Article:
Indeed, PSI and PSH are bringing care into the hands of its users to be in control of their sexual reproductive health. Though lack of self-confidence in collecting a reliable sample was the most cited reason for preferring clinician-collected samples, there was no significant difference in the acceptability and relative ease in self-sample collection between women in rural versus those in urban locations.  

Following this huge success, PSH will support the Ministry of Health and Child Care (MOHCC) to develop communication interventions to address the perceptions and barriers identified to improve uptake of HPV DNA self-sample collection and access to HPV DNA testing countrywide. 

B-OK Bead Bottles: HIV Treatment Simplified

This piece originally ran in the PEPFAR Zimbabwe Newsletter in April 2023

   When John’s health started deteriorating in 2017, he went to get tested for HIV with his wife and received a positive result. Regardless of this knowledge, he refused to initiate HIV treatment. Eventually, John fell ill between 2021 and 2022 and it was during this time he interacted with a community health worker who explained to him how HIV was affecting him. The nurse explained this using bead bottles, developed through the Flip the Script (FtS) treatment literacy campaign to improve HIV treatment adherence. Today, John is on treatment and is looking forward to experiencing the full benefits of HIV treatment in his life.”

The bead bottles have been a game changer in reshaping the attitudes and perceptions of people living with HIV and the broader community towards HIV treatment by amplifying the concept of U=U (undetectable equals untransmittable). This concept conveys that a virally suppressed person with an undetectable viral load cannot transmit HIV to their partner. This challenges the narrative of an HIV-positive diagnosis as a death sentence which has been a huge barrier to HIV testing and consequently starting and/or continuing treatment for many people. The first of three bead bottles represents a body that has been taken over by HIV. The second bottle symbolizes a scenario where HIV treatment is gradually reducing the amount of HIV in the body. The last bottle represents a virally suppressed body which means the person cannot transmit HIV to their partner.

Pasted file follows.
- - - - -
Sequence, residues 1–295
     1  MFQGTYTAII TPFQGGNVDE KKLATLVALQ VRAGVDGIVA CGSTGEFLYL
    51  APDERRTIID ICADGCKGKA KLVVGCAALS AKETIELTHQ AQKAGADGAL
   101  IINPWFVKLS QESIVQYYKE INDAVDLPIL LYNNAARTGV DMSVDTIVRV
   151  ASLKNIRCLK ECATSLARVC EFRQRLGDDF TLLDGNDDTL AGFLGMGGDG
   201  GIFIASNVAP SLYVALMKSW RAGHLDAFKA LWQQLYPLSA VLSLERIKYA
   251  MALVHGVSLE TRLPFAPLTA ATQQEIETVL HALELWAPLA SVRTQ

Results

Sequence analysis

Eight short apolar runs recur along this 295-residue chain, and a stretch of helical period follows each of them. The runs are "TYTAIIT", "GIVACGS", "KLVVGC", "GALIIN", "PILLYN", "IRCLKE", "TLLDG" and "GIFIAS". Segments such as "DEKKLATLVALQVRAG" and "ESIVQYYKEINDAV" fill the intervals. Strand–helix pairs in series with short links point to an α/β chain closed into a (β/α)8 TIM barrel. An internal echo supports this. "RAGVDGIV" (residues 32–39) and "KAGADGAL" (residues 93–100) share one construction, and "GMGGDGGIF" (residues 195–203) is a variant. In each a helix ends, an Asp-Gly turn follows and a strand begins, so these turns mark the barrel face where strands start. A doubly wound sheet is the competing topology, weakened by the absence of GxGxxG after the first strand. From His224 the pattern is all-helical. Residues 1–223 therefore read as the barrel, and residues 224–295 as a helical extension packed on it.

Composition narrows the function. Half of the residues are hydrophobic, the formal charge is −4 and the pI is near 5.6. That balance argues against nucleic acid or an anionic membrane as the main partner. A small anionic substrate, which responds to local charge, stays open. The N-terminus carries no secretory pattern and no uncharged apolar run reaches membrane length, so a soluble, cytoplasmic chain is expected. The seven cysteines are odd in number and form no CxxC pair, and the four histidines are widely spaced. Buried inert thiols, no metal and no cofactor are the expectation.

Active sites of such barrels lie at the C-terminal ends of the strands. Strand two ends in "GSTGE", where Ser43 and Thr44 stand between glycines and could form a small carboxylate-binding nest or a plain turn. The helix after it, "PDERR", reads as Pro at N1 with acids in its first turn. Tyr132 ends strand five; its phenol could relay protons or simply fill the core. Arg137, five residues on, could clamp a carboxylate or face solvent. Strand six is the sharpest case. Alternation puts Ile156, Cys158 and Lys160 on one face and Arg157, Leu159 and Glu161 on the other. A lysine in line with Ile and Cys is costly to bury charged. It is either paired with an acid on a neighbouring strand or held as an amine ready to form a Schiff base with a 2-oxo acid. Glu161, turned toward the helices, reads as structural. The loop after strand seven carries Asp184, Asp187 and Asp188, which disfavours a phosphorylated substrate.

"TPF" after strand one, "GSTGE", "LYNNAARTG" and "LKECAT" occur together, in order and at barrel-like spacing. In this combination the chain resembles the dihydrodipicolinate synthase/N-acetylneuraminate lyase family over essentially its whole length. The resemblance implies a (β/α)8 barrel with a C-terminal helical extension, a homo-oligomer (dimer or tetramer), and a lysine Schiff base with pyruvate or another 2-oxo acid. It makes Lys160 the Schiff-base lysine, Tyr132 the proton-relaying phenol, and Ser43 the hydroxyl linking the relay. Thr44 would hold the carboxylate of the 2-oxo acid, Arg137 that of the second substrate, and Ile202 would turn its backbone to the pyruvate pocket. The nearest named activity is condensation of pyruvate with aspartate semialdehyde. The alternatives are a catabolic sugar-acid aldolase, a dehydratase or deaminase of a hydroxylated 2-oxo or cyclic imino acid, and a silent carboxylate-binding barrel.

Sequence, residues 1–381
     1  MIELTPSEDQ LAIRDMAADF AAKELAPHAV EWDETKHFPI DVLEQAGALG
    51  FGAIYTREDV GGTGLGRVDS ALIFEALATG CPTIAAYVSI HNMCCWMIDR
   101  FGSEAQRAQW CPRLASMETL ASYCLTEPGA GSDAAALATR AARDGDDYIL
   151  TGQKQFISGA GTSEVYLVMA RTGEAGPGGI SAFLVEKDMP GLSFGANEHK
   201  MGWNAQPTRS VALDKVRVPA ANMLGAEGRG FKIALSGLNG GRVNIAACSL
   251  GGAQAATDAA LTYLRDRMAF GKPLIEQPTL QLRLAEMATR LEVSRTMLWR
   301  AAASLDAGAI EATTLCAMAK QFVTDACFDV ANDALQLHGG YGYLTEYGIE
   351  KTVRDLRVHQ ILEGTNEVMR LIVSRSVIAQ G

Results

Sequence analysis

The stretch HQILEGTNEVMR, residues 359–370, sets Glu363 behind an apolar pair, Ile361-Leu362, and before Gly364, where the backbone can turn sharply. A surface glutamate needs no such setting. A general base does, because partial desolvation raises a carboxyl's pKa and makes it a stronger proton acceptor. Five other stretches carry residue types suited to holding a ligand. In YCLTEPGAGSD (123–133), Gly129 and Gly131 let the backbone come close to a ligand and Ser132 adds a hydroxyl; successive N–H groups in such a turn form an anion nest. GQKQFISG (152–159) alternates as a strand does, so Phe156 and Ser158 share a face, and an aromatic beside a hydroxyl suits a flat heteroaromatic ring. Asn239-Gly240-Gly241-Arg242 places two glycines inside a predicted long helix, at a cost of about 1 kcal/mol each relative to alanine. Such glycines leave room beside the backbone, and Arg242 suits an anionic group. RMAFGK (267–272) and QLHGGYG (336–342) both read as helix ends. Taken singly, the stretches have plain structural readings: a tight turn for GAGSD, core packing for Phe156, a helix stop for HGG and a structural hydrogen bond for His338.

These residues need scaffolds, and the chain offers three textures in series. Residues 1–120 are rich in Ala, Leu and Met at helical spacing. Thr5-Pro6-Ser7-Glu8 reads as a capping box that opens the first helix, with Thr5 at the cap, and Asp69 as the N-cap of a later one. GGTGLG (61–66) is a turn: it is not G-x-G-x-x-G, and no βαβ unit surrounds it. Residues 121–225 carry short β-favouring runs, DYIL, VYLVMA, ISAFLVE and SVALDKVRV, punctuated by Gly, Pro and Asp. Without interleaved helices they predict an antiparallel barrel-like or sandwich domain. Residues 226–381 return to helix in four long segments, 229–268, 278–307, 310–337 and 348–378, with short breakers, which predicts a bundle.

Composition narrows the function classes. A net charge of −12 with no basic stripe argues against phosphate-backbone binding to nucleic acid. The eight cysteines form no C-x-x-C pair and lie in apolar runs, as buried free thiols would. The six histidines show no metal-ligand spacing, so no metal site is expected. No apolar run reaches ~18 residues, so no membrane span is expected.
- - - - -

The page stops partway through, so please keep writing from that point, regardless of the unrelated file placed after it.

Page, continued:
Interacting with the ART Champions and their b-ok demonstration has changed my attitude towards HIV treatment,” said one client from Marange. “I sometimes skipped it, but now take it every day, at the same time, even when I attend a funeral or church event, I carry my ART medication.”

Through this innovation, people living with HIV have gained the confidence to continue living the lives they desire through taking their HIV medication. It also highlights the importance of a periodic viral load test for all recipients of care to determine adherence to and effectiveness of treatment and the associated achievement of viral suppression.

   … the red beads represent HIV in the body and the black beads represent the body’s immune system. Taking your HIV medication every day at the same time helps you reduce the amount of HIV in the body and gradually, we have less of the red beads and more black ones. In the last bottle, the amount of HIV is so little that we only have that one red bead and so many black ones. At this point, you have a low chance of falling sick due to HIV and you have reduced chances of passing on HIV,” according to FtS Expert Client, Nyabira.

The bead bottles have equipped clinicians and community healthcare workers with the confidence and skills to explain what a viral load test result means using simple language. It has also helped people living with HIV to understand the benefits of consistently taking their HIV treatment leading to viral load suppression and reduced chances of passing on HIV to your partner.